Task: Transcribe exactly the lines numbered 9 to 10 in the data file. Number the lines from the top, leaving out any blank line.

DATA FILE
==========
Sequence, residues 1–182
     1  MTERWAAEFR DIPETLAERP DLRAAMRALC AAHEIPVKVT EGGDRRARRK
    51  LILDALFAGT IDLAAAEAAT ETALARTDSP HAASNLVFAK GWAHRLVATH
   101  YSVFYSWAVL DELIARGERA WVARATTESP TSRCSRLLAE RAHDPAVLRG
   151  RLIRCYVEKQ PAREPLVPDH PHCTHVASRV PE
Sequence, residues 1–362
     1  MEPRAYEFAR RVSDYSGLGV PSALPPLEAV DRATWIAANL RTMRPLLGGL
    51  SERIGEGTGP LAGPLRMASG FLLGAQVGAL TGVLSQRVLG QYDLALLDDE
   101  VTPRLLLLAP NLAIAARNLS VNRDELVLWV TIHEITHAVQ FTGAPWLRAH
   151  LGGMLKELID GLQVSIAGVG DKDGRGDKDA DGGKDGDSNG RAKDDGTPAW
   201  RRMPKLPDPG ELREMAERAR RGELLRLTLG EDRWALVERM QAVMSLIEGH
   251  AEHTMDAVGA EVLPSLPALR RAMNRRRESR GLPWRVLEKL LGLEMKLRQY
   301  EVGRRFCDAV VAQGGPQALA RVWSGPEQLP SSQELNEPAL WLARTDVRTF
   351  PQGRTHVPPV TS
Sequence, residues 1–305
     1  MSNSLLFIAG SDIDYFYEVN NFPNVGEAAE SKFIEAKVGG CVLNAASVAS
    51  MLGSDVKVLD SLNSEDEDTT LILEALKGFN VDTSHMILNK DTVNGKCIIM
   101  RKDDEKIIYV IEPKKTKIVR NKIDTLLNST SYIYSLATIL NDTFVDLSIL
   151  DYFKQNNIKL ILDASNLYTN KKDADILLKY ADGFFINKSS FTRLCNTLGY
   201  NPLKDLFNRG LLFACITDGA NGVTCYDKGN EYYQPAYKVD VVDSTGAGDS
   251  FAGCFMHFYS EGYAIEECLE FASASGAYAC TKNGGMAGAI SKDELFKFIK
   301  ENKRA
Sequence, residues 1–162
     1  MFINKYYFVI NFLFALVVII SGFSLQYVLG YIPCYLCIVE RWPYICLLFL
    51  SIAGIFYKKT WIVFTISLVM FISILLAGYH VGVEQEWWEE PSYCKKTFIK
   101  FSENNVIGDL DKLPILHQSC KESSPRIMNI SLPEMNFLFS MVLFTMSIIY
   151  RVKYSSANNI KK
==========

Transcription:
   101  VTPRLLLLAP NLAIAARNLS VNRDELVLWV TIHEITHAVQ FTGAPWLRAH
   151  LGGMLKELID GLQVSIAGVG DKDGRGDKDA DGGKDGDSNG RAKDDGTPAW